soprano recorder, 2 alto recorders, lute
8. No More Dams
baritone, rebec, vielle, citole, nakara
9. Where the Bee Sucks
soprano, alto recorder, bass viol, lute
10. Our Revels Now Are Ended
soprano, baritone, alto recorder, 2 bass viols, lute, crotales in E and B
In Leslie Harrison's "Pantoum for a Walk in the Woods," we hear a musical echo to the Folger Consort's program "Brave New World: Music of The Tempest," where Consort directors deign to mix old with new. As the pantoum form repeats so does the music of inspired by Shakespeare's play The Tempest. So join the Dresser in a romp through the woods where the modern day bee sucks from a cowslip bell.
PANTOUM FOR A WALK IN THE WOODS
Everything rhymes. Take a forest of trees,
thousands (each different, but they are lost
in the crowd), and rocks uncounted, a host of bees
in a standing snag. Walking, I pass them all
by the thousands. Each different is lost:
too many, so nearly the same. They rhyme, but
stand together, snagging meaning, leaving it all
to repeat, endlessly. Differences, so small,
are nearly the same. The rhythm of walking
follows the contour of the climb, and the heart
repeats, endlessly. Diffident, its small
stutter is locked to quiet. This pattern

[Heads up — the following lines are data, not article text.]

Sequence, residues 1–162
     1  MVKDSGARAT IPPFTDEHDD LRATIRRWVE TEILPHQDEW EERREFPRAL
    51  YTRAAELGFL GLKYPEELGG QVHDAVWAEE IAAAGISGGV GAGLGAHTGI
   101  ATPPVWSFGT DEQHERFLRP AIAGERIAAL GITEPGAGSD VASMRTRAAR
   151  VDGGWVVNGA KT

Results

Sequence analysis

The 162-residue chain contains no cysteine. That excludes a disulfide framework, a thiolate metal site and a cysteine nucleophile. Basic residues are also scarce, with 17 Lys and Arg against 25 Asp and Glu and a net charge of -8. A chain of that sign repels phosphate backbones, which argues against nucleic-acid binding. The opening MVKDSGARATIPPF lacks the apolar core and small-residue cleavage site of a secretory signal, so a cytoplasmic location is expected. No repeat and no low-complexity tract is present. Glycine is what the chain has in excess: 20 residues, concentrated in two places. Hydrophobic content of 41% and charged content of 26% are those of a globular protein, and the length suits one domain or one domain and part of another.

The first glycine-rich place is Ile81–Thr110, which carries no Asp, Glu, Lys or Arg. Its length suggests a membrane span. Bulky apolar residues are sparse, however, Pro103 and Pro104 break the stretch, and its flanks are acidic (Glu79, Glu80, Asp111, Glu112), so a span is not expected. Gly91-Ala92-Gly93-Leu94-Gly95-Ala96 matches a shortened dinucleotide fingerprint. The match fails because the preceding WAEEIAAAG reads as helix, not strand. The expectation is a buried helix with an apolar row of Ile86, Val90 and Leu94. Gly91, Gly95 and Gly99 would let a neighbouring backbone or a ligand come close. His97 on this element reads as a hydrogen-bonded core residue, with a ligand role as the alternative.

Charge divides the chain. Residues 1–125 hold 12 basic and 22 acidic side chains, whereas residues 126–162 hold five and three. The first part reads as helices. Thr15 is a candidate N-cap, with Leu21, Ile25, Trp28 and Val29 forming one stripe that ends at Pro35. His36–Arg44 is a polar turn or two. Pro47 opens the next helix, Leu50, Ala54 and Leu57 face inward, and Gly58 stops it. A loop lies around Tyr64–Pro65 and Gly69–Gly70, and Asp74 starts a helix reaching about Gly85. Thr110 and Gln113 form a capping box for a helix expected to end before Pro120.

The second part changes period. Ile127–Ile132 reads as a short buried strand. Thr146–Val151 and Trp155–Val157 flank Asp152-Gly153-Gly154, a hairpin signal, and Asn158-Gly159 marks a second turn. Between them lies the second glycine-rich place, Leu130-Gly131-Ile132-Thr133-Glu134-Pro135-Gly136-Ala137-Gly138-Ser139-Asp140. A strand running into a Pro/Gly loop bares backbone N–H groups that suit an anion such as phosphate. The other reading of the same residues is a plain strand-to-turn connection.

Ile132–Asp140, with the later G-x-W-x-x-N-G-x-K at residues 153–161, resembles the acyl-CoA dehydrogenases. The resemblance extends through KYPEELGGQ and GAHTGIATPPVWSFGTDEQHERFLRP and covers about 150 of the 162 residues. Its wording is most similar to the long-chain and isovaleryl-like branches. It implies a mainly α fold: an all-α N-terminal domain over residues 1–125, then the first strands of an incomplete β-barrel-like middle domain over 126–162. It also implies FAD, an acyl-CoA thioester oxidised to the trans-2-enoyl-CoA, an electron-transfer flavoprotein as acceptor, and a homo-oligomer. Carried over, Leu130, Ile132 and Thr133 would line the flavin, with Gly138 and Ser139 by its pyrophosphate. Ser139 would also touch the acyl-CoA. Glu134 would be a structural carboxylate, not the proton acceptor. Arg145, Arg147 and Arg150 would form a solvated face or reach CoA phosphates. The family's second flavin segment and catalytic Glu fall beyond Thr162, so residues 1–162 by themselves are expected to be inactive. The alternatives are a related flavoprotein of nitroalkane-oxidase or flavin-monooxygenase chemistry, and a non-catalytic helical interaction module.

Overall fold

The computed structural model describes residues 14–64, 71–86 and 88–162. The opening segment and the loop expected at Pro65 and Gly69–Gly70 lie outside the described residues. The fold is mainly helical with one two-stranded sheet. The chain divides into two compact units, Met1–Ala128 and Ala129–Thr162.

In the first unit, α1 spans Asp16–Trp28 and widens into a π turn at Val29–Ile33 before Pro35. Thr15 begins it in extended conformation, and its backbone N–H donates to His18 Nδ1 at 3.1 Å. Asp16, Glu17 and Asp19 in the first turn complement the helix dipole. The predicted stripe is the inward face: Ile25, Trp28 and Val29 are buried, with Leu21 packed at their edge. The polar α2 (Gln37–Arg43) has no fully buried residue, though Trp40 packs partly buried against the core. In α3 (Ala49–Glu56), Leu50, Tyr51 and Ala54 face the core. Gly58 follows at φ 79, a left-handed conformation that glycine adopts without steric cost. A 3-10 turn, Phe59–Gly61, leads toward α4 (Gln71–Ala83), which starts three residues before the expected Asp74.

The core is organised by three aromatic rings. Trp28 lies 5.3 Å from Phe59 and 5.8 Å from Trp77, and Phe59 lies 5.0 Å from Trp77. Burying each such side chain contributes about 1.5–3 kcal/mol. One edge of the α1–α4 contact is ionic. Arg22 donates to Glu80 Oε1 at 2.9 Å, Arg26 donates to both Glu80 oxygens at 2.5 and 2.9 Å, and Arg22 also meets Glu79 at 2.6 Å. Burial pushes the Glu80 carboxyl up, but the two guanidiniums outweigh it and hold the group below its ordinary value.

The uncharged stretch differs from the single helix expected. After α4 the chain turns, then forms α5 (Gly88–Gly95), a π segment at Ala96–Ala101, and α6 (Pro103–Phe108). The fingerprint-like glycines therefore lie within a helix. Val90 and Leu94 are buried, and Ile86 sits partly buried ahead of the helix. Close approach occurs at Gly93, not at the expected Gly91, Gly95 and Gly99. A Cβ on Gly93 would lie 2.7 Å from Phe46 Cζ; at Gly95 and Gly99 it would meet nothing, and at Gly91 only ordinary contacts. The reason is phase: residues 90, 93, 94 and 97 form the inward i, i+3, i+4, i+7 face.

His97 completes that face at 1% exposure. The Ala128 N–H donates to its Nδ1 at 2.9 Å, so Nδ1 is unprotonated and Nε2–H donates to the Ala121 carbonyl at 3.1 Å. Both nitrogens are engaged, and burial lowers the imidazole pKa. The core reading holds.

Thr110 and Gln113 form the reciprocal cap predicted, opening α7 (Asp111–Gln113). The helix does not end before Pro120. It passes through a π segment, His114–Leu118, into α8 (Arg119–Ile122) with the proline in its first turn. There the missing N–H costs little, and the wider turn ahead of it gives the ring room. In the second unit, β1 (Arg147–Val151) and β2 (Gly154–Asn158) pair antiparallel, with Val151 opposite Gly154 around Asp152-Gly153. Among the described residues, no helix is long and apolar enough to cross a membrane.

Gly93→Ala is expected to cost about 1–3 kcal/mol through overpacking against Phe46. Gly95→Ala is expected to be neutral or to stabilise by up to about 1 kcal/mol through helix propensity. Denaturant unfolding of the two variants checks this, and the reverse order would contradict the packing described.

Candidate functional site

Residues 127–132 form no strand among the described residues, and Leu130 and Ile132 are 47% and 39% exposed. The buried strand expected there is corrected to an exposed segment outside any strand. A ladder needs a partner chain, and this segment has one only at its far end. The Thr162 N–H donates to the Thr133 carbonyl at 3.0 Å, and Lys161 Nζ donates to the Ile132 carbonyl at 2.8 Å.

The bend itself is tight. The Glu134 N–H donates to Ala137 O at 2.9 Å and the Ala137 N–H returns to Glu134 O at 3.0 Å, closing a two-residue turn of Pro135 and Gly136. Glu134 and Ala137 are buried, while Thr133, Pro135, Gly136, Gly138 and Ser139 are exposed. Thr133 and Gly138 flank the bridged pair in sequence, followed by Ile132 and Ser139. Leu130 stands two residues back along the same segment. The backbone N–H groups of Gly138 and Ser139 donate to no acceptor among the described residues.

follow the cadence of the climb. The heart
contrives with breath: the eyes refuse all difference,
become locked, in step with the quiet stutter
of stones underfoot. And the miles go by,
contriving with the body to refuse all distances.
I remember the crowded, cluttered wealth
of stones underfoot. And the miles go by
like giants, self-referential, meaningless.
I remember the crowded, cluttered woods,
the lumbering grace of the mysterious other--
like giants, self-referential--all meaning
hidden in the difference. We move through life
in the crowd, uncounted, a thousand bees
hiding and hidden. In our different lives,
nothing rhymes. And we mistake the trees
for each other, for lumber, or for pews.
by Leslie Harrison
from Displacement Poems
Copyright © 2009 Leslie Harrison
Photo of Tempesta di Mare by Andy Kahl